Abstract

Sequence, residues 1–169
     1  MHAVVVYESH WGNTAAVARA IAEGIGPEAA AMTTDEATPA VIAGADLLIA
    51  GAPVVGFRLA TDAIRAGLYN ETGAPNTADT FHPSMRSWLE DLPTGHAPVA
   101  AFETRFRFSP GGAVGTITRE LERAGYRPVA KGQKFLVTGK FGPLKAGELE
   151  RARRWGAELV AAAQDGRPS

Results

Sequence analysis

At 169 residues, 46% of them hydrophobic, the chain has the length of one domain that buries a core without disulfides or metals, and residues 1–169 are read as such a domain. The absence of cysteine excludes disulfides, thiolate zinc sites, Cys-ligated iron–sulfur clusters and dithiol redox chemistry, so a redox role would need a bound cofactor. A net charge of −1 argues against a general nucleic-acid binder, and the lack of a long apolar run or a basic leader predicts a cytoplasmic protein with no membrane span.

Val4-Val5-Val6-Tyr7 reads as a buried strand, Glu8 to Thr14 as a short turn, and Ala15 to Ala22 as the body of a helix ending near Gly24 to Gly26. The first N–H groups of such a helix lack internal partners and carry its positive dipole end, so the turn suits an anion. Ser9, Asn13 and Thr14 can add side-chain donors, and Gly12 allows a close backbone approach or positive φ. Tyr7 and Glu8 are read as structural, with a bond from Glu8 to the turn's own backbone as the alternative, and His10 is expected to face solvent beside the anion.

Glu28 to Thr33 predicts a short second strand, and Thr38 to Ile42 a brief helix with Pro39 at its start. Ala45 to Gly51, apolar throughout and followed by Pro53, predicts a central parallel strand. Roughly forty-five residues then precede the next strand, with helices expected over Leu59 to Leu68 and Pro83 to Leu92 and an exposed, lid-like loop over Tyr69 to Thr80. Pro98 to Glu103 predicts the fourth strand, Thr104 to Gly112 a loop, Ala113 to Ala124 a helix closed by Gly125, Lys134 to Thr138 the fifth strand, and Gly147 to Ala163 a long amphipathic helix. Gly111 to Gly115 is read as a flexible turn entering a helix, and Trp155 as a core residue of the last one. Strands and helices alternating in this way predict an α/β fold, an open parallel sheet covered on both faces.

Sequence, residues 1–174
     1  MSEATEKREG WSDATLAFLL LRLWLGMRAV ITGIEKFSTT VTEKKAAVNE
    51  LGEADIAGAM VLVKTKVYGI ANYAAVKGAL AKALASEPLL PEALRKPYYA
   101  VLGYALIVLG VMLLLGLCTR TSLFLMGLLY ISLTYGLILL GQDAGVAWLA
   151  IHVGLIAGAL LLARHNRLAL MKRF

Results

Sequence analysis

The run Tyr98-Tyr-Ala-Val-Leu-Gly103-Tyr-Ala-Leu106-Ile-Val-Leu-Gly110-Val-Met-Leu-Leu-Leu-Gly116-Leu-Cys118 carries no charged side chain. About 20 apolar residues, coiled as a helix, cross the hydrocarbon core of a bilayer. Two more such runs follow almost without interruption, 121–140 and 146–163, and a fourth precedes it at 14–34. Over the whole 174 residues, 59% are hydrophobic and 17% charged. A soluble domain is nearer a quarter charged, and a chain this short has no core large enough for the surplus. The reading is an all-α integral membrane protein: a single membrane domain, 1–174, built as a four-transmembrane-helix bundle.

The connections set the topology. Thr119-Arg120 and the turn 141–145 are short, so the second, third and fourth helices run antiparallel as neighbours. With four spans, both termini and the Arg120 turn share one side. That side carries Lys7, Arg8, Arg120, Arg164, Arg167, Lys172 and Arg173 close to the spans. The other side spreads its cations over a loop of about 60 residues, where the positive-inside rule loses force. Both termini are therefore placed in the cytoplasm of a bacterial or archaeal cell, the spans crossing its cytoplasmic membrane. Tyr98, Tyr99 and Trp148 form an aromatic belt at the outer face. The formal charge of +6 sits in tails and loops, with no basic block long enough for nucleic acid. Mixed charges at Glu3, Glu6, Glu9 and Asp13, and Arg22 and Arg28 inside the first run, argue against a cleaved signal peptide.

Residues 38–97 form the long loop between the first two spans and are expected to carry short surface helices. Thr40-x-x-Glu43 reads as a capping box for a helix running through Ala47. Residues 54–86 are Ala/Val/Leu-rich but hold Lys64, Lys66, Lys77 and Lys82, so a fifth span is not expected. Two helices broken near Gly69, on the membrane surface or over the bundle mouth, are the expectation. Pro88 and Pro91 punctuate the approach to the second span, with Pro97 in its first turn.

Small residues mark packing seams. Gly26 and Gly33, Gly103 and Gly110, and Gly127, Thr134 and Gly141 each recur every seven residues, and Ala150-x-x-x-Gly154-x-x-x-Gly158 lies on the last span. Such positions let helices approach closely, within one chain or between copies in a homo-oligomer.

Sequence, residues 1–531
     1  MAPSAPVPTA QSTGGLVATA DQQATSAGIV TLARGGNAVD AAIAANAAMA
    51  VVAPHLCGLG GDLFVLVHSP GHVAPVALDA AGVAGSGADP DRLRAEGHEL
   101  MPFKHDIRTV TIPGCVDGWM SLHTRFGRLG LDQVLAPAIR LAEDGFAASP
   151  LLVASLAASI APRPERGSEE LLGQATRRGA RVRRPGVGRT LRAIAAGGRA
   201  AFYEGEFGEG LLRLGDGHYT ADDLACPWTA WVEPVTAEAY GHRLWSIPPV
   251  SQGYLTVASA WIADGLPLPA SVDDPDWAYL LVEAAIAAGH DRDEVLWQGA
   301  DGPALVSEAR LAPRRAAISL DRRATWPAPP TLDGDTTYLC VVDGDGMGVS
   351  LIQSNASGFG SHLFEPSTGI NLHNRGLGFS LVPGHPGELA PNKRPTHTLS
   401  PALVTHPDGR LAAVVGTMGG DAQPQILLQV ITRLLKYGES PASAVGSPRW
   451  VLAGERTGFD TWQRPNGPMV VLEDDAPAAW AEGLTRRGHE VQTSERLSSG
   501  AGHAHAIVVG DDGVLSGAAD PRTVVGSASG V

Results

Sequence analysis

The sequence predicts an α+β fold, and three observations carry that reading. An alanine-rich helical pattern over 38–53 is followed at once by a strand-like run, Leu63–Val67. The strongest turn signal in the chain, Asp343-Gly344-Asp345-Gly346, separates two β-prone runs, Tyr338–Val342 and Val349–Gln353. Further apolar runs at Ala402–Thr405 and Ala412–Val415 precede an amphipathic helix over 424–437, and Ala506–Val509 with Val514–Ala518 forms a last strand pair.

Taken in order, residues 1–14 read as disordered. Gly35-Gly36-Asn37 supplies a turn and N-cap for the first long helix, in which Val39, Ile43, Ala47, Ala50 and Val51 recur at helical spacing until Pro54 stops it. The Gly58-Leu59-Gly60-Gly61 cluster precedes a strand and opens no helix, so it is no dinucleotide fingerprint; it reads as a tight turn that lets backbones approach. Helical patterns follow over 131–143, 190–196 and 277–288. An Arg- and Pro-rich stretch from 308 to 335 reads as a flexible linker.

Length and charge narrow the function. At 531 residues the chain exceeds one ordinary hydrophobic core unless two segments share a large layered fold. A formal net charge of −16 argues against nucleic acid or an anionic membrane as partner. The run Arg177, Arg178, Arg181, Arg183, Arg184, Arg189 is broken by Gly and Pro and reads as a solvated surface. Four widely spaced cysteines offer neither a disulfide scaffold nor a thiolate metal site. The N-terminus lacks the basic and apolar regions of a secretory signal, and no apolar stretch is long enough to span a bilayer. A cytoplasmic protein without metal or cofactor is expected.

The Diagnostic and Statistical Manual of Mental Disorders—Fifth Edition (DSM-5) diagnostic criteria for intellectual disability (ID) include a change to the definition of adaptive impairment. New criteria require impairment in one adaptive domain rather than two or more skill areas. The authors examined the diagnostic implications of using a popular adaptive skill inventory, the Adaptive Behavior Assessment System–Second Edition, with 884 clinically referred children (ages 6–16). One hundred sixty-six children met DSM-IV-TR criteria for ID; significantly fewer (n  =  151, p  =  .001) met ID criteria under DSM-5 (9% decrease). Implementation of DSM-5 criteria for ID may substantively change the rate of ID diagnosis. These findings highlight the need for a combination of psychometric assessment and clinical judgment when implementing the adaptive deficits component of the DSM-5 criteria for ID diagnosis.

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